This summer, brace for power cuts across the country
Rising demand for electricity and a drastic drop in power utilities’ coal inventories may result in increased load-shedding (power cuts) across the country.
Experts say that while the demand for electricity is high and it will keep on increasing over the next two months, the shortage of coal will not allow any generation unit to jack up production.
Maharashtra and Gujarat, two of the most industrialised states, are facing load-shedding while even relatively less industrialised states like Bihar, Jharkhand, Haryana and Uttarakhand have reported power outages.
Reuters quoted government data to show that the shortfall in power availability has gone up by 1.4% in a week’s time. This shortfall is much more than the 1% deficit faced in October last year, when the country faced a serious coal shortage.
Power shortage at a time when the economy is looking to recover from a long and painful phase of COVID-induced lockdowns may hamper industrial output in India — Asia’s third largest economy.
Thermal power plants, which form the backbone of India’s power generation capacity with 70% coverage, had just nine days of stock left as on April 1 – a situation that not risen since 2014.
Rajiv Agarwal, secretary general of the Indian Captive Power Producers’ Association, told Reuters that Coal India and the Union Coal Ministry had consistently asked the thermal power plants to maintain buffer stocks, but in contrast the plants reduced their stocks, Agarwal said.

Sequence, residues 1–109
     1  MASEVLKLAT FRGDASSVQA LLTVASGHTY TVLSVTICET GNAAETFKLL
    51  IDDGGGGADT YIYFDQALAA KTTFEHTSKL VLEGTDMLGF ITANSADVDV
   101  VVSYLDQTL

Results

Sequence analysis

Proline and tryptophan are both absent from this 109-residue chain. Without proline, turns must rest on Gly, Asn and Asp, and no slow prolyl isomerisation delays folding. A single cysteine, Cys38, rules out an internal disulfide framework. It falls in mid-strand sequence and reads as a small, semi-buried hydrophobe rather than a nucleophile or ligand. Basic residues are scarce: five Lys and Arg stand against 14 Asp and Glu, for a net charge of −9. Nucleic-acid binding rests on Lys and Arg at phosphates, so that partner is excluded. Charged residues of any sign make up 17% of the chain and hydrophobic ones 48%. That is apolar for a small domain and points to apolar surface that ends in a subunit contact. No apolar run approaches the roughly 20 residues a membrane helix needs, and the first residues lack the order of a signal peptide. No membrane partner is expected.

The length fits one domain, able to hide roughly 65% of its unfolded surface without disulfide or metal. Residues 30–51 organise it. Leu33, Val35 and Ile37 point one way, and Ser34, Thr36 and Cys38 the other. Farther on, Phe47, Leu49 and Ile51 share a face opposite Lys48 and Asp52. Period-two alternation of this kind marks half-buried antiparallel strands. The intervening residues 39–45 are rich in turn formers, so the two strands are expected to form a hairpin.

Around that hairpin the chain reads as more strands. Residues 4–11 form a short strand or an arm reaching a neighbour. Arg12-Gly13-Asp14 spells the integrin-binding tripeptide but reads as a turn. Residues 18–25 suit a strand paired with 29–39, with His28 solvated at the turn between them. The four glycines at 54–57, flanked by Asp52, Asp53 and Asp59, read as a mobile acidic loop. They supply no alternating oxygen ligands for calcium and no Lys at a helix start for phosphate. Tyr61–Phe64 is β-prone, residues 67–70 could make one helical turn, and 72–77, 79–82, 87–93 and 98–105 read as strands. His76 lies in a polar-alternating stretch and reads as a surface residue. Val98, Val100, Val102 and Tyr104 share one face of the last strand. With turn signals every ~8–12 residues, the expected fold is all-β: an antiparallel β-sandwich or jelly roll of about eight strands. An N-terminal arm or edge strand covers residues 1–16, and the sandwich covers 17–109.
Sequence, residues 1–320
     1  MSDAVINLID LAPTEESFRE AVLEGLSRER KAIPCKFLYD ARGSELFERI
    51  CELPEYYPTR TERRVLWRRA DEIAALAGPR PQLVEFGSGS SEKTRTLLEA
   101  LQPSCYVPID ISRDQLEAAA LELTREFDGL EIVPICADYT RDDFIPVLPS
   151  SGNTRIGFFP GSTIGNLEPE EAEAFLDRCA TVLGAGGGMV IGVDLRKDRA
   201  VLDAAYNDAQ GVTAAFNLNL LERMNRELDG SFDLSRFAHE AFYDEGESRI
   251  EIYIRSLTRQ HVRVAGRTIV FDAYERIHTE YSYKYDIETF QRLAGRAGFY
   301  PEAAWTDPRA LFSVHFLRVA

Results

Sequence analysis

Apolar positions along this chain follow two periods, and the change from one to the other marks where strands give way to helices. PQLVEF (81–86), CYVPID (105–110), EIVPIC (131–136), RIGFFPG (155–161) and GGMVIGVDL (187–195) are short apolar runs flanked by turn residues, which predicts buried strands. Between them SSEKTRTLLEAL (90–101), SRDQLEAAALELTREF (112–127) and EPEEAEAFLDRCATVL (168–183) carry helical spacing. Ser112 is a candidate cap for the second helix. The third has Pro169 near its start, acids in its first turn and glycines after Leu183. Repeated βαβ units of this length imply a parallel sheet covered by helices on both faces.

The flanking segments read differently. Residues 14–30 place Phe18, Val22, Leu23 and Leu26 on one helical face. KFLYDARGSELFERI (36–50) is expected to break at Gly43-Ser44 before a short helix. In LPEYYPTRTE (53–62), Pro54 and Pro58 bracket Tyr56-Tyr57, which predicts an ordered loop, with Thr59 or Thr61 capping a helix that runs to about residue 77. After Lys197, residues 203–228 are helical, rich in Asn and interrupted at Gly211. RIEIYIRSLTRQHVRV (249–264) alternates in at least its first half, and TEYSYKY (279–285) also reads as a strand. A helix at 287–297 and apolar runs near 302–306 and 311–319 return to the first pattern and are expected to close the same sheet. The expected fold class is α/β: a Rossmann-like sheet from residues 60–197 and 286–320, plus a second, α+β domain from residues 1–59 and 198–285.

Impact on railways
The coal shortage is preventing Indian Railways from expanding its network of trains. The number of trains committed by the Indian Railways per day is 415, which is about 8% less than the set standard of 453 trains per day. On tracks, only 379 trains were running in the first week of April.
Summer days ahead
As per the India Meteorological Department’s (IMD) data, the average consumption in April, so far, is way above its usual average for the month. Increased use of air conditioning due to heat is also adding to excessive electricity consumption. “An unprecedented change in weather has resulted in peak demand shooting up after midnight due to soaring air-conditioning use,” said Harry Dhaul, director general of the Independent Power Producers Association of India, while speaking to Reuters.
Thermal power plants under pressure
To meet the ever-increasing demand for electricity, coal-fired power generation needs to rise by about 18%. If the trend continues, the total electricity output will rise to 15% during the year ended March 2023.
It is heartening to know that power utilities themselves cut coal supplies to the non-power sector, despite record production and supply by Coal India Ltd, which produces over 80% of India’s coal.
Experts say the real effect of coal shortage will be felt in June.